It’s no secret that Edinburgh boasts one of the most beautiful skylines in the world. So if you want to take in our magnificent cityscape from a new angle, there’s no shortage of unique vantage points to try! Here’s some of our favourite spots to find the best views in Edinburgh.
The Nelson Monument is a tower built in honour of Vice Admiral Nelson to commemorate his victory at the Battle of Trafalgar in 1805. Designed to look like an upturned telescope, it sits upon the highest point of Edinburgh’s Calton Hill, 171 metres above sea level. In 1853 a time ball was added to the mast of the tower, which drops at precisely 1pm every day to coincide with the 1 o’clock gun. For just £5 entry, you can climb the 143 steps to the viewing gallery and enjoy dramatic views along Princes Street.
National Museum of Scotland
The National Museum of Scotland is a must-do on any visit to Edinburgh, with its stunning Victorian architecture and over 20,000 fascinating artefacts. Though the grand entrance hall is eye catching in itself, the real gem is the rooftop terrace up on the seventh floor. Here you’ll find not only the best views of Edinburgh Castle and the Old Town, but it’s also the perfect spot for a rooftop selfie!
One of the ‘seven hills’ upon which Edinburgh was built, Blackford Hill is a 164 metre hill located just outside of the city centre. While most tourists will head towards Arthur’s Seat, this hill offers a climb that is a little less demanding but with similarly impressive views across the south side of the capital. Popular amongst both runners and dog walkers, it has a much more local feel about it and with the Royal Observatory perched proudly at the top; it’s an ideal place for a spot of star-gazing!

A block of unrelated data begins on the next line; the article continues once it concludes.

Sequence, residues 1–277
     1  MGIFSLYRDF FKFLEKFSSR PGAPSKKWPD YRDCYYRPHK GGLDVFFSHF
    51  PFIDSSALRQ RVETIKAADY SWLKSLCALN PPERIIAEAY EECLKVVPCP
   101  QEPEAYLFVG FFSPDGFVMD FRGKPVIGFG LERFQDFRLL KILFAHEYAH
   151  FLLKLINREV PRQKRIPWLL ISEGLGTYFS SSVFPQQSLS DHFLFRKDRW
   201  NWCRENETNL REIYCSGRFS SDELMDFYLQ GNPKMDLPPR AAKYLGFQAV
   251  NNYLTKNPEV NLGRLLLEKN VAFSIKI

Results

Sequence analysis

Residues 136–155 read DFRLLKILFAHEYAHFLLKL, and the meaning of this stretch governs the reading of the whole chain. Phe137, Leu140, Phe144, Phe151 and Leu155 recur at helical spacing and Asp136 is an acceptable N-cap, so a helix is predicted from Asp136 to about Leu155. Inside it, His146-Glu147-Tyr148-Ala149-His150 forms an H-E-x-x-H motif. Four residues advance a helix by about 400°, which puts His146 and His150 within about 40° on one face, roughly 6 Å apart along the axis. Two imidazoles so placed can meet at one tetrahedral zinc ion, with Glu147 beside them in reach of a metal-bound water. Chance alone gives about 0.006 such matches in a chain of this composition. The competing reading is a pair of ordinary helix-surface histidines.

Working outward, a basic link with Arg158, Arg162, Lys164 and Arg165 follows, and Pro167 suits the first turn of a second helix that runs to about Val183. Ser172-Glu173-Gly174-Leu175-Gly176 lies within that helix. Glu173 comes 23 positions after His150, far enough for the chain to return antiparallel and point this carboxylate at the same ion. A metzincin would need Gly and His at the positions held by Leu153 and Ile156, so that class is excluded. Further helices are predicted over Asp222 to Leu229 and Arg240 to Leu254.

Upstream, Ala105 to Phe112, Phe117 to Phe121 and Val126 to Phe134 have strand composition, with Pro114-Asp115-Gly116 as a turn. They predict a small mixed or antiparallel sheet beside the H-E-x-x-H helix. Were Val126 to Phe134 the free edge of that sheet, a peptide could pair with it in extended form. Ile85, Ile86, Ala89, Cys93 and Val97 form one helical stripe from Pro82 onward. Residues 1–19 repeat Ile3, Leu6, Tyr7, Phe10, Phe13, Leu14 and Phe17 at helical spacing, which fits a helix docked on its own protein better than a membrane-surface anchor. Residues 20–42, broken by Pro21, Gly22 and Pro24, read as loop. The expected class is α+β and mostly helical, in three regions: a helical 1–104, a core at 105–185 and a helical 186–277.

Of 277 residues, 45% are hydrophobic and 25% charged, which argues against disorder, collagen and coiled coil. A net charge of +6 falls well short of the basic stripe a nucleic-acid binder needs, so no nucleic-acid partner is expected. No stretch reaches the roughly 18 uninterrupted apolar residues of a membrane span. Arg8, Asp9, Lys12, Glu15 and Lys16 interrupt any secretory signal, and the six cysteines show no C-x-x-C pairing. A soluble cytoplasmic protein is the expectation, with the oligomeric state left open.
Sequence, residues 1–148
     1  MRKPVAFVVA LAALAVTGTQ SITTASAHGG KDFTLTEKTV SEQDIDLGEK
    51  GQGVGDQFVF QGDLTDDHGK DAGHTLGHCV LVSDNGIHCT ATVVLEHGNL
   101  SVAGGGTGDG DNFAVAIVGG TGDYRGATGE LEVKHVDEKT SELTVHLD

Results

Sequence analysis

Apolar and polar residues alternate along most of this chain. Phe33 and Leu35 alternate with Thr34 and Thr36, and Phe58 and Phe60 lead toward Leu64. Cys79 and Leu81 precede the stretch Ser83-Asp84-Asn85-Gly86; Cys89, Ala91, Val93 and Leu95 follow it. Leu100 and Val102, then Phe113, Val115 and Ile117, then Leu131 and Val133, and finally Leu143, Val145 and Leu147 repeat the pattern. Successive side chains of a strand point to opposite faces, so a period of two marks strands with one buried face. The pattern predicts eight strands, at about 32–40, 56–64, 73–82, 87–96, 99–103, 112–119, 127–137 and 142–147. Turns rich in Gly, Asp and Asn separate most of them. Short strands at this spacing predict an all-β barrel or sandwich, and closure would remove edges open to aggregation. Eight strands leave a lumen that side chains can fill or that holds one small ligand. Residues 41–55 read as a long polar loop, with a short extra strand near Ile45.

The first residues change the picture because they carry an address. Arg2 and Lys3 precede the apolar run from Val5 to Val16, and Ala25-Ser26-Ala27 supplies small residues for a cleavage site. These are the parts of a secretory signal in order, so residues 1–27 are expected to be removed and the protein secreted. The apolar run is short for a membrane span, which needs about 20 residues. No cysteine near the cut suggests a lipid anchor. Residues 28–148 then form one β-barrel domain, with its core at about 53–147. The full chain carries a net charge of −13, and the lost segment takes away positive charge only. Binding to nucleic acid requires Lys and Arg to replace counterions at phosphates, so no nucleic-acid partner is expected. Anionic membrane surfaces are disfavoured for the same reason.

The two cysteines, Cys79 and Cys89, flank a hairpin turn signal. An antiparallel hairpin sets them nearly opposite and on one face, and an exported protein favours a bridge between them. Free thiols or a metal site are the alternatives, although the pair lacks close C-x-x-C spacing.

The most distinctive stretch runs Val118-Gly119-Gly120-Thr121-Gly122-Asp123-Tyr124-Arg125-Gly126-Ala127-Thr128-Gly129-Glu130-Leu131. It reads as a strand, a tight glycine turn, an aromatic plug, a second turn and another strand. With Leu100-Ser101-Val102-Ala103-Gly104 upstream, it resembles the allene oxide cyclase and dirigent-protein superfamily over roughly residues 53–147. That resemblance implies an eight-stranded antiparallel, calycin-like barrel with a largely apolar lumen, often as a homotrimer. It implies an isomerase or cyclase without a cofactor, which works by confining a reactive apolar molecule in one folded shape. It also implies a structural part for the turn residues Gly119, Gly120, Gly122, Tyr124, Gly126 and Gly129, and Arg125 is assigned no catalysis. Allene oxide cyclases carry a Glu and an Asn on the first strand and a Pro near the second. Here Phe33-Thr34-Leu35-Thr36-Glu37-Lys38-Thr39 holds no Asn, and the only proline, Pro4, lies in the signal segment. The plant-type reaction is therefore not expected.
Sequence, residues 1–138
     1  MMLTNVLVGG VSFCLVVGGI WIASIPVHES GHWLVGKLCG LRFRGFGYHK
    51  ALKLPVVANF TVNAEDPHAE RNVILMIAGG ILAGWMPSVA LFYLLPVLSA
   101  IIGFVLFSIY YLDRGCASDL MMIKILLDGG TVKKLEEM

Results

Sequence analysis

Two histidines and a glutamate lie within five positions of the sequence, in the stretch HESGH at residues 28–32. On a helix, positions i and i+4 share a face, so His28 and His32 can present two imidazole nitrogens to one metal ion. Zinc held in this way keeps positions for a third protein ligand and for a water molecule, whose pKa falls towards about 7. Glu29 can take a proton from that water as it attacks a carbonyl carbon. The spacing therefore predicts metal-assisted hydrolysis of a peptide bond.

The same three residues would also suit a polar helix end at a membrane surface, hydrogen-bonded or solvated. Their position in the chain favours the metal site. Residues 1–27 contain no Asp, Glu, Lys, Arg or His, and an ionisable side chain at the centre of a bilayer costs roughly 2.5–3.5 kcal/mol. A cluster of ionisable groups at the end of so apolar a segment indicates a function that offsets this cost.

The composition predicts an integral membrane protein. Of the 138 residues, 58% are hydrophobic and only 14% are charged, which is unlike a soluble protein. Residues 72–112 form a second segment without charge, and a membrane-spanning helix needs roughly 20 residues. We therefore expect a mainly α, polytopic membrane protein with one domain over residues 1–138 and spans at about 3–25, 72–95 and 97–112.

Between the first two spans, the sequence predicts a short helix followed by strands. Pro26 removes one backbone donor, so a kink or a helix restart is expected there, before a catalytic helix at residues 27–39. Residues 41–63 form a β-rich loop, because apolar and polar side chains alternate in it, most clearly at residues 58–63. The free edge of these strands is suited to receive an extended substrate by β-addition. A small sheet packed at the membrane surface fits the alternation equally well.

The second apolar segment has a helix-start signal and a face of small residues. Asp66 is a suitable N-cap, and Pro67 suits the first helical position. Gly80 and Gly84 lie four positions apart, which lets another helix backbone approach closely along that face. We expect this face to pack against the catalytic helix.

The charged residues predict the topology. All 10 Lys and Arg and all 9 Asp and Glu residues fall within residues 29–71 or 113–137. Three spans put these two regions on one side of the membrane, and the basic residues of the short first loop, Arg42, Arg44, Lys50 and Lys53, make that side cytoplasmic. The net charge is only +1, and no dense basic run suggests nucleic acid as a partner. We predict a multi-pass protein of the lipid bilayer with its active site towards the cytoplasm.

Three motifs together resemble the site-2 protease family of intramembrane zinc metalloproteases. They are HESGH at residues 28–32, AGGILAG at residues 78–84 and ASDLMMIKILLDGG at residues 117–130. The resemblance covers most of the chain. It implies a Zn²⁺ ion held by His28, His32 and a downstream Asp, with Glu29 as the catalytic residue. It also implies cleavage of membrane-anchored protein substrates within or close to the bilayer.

St Giles’ Cathedral
See the Royal Mile from above with a guided rooftop tour of St Giles’ Cathedral. For a small donation, your own personal guide will lead you up a series of spiral staircases to the rafters of this historic landmark, where you can take a closer look inside the bell tower and the famous crown spire. Bookable in advance, these tours last around 20 minutes and offer incredible views of Edinburgh’s Old Town and beyond.
Sitting proudly next to Edinburgh Castle, the Camera Obscura and World of Illusions is the city’s oldest purpose-built tourist attraction, housing six floors of tricks, puzzles and optical illusions. However, the real jewel in its crown is the rooftop terrace, which offers magnificent views of the Royal Mile. Grab a free pair of binoculars, for an even closer look at some of Edinburgh’s most famous landmarks!
Just minutes outside the bustling city centre, Inverleith Park is a vast green oasis hidden in the heart of Edinburgh. Though often overlooked in favour of Princes Street Gardens or the Meadows, on a hot summer’s day there’s no better place for a picnic or a game of tennis. The park boasts fantastic views of Edinburgh Castle, making it a popular viewing spot for the Edinburgh Festival fireworks.
The Scott Monument is a towering spire dedicated to the life of Edinburgh-born writer, Sir Walter Scott. Standing at over 200 feet tall, it sits opposite the Jenners department store on Princes Street and is a prominent feature in Edinburgh’s iconic skyline. With nearly 300 steps to the top, the climb is not one for the faint-hearted! The ‘Gothic rocket’ as it is affectionately known, was designed by George Meikle Kemp and features a series of viewing platforms, allowing spectators to admire the views from multiple altitudes.
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